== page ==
They Just Ran Out Of Colors

There are only six colors, which is why aviso chose to paint Envisat an almost invisible yellow on their sea level graph. The simply didn’t have any choice.

I however have access to more recent computer technology (after 1970) which permits more than six colors and actually allows you to see the falling sea level data from Envisat.

I can’t imagine why they tried to make Envisat almost invisible.


About stevengoddard

Just having fun
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14 Responses to They Just Ran Out Of Colors

  1. Amino Acids in Meteorites says:

    Global warming scientist predicted the earth would have both a rise in sea level and an increase in precipitation from all the melting ice. The increased precipitation was supposed to be in the form of rain in lower latitudes and snow in higher. But sea level is dropping. Snow is falling in flower latitudes.

    How many predictions by global warming scientists have to fail before global warming believers stop believing?

    • Amino Acids in Meteorites says:

      lower latitudes, not flower latitudes

      • Deadman says:

        No, stick with “flower latitudes”, it’s vivid and poetic, the latitudes wherein flowers.

        We’re told that it would hardly snow
        wherein the pretty blossoms grow;
        their catastrophic attitudes
        would ruin flower latitudes,
        but though they say the seas will rise
        the evidence before our eyes
        is that sea-levels don’t upswing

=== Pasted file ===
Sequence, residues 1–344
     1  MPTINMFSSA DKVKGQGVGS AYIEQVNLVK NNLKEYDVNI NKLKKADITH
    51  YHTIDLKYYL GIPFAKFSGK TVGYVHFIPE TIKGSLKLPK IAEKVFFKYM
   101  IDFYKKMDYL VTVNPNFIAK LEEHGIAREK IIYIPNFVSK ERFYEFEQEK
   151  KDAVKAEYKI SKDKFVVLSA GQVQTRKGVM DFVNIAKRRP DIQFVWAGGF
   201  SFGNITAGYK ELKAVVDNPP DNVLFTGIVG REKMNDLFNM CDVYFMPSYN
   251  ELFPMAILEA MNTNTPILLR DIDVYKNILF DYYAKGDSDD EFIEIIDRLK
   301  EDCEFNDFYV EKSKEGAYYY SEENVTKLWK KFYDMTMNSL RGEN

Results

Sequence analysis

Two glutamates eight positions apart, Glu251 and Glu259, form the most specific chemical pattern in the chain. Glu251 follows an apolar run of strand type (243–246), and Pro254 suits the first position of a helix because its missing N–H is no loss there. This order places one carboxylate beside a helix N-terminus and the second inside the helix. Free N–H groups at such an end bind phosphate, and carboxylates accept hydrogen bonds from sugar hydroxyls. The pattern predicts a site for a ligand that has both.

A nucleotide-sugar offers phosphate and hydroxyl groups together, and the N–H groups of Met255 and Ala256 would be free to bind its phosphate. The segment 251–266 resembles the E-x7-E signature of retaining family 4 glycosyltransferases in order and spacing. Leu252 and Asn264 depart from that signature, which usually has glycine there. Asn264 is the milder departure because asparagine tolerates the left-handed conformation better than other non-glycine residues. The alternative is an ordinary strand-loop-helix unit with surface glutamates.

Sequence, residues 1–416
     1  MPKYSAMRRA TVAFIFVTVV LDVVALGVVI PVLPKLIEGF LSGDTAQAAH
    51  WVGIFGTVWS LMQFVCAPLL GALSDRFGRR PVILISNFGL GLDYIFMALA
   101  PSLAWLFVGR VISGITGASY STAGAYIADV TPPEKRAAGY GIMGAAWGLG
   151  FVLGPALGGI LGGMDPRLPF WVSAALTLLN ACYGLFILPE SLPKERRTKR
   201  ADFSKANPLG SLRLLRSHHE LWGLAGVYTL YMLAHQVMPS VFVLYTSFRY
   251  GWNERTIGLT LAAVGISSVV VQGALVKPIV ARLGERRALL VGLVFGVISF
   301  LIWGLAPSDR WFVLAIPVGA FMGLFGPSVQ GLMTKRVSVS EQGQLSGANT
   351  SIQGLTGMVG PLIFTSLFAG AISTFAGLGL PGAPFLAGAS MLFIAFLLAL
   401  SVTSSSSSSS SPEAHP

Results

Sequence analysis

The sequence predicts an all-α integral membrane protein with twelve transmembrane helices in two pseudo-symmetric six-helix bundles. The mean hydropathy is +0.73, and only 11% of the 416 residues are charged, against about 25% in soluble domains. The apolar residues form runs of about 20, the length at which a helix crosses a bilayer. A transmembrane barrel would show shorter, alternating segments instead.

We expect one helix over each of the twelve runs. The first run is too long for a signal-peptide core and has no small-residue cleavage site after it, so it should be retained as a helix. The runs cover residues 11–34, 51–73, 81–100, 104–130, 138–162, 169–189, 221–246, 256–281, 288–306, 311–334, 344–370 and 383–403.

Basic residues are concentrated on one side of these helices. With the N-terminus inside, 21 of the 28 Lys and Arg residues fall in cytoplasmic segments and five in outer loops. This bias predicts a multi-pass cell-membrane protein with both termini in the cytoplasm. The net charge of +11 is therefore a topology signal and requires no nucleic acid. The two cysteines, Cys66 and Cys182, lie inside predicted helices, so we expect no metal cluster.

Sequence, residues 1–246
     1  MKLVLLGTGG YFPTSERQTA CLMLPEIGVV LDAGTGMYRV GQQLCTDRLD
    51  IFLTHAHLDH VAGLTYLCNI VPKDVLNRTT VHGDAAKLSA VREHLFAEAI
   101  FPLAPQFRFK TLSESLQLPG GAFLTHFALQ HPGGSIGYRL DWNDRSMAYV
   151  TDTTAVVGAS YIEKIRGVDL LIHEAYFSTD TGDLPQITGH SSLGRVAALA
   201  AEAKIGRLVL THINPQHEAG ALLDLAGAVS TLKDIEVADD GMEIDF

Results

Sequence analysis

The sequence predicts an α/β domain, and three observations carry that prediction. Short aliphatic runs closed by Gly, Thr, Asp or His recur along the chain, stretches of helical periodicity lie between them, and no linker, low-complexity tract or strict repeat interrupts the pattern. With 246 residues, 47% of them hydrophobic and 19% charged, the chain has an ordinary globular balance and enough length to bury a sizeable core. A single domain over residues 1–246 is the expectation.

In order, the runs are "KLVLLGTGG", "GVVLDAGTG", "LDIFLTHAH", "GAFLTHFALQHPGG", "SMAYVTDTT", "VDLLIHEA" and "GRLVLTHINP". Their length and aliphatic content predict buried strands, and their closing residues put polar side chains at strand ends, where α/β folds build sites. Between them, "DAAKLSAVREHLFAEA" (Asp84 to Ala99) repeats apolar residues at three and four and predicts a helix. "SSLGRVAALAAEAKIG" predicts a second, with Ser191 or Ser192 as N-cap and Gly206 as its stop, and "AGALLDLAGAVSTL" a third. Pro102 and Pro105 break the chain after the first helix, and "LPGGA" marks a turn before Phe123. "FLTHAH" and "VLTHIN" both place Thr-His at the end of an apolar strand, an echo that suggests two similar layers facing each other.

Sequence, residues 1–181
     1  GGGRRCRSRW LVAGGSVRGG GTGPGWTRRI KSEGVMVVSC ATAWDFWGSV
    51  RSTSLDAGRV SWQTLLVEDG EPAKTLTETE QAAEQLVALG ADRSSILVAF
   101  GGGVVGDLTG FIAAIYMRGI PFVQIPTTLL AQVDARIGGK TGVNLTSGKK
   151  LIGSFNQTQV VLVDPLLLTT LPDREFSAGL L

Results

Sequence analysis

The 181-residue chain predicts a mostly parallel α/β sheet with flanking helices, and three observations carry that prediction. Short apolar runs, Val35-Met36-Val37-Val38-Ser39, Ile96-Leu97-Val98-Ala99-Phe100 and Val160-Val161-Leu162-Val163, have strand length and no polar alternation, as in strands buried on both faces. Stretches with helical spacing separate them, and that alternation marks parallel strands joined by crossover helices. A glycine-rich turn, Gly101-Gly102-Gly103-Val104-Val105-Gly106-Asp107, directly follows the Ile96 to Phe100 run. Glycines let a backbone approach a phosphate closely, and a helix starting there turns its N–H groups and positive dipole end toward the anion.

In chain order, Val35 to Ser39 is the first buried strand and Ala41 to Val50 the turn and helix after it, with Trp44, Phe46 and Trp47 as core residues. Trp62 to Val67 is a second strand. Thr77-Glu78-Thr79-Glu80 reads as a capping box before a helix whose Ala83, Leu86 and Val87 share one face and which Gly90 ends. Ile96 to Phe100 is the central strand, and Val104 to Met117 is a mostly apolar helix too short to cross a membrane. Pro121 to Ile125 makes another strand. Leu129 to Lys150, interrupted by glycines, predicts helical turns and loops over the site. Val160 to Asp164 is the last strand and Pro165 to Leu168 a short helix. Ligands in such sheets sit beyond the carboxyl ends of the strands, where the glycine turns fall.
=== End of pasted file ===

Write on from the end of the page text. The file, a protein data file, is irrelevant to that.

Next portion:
and flowers yet will brighten spring.

      • Deadman says:

        … wherein flowers grow.

    • Anything is possible says:

      How many predictions by global warming scientists Harold Camping have to fail before global warming religious believers stop believing?

  2. Scott says:

    All they had to do was use a darker yellow, orange, black, gray, purple, or brown. Even the cheapest plotting software has that, LOL.


  3. Jimbo says:

    The next time they’ll use white. 🙂

  4. Don McCubbin says:

    Hi Steve,

    Thanks so much for posting this. I had not seen the data by separate satellite. I was just fishing around on the web to better understand the satellites and how they differ.

    There are some wiki sites for each satellite. Jason-1 was launched in 2001, Envisat in 2002, and Jason-2 in 2008.

    Jason-1 and Jason-2 seem to have similar measurements with the hint of an uptick in 2011, but Envisat clearly is dropping.

    I would be interested in anything you might have on the differences between the satellites. Thanks again for the graph.

    Best regards,

    • Jason averages are dominated by some regions east of the Philippines with very high numbers (10mm/year), but their stated error in those regions is almost as large as the numbers. In other words, the Jason data is almost meaningless.

      • Mike Davis says:

        The Jason satellites use a metal tape measure that is subject to temperature changes affecting the measurements and Evisat uses the more modern cloth tape measure that is not affected by temperature changes. Metal shrinks in cold weather and expands in warm weather.

  5. Don McCubbin says:

    Thanks for your thoughts.


  6. Mike M says:

    Back in the days of using ComputerVision Personal CADD design software, a black background was the default and always made the most sense to me ever since because it alone seems to highlight all the other colors the best – especially yellow. (

    Something like this, (it would have been better if I had had the original GIF…) –

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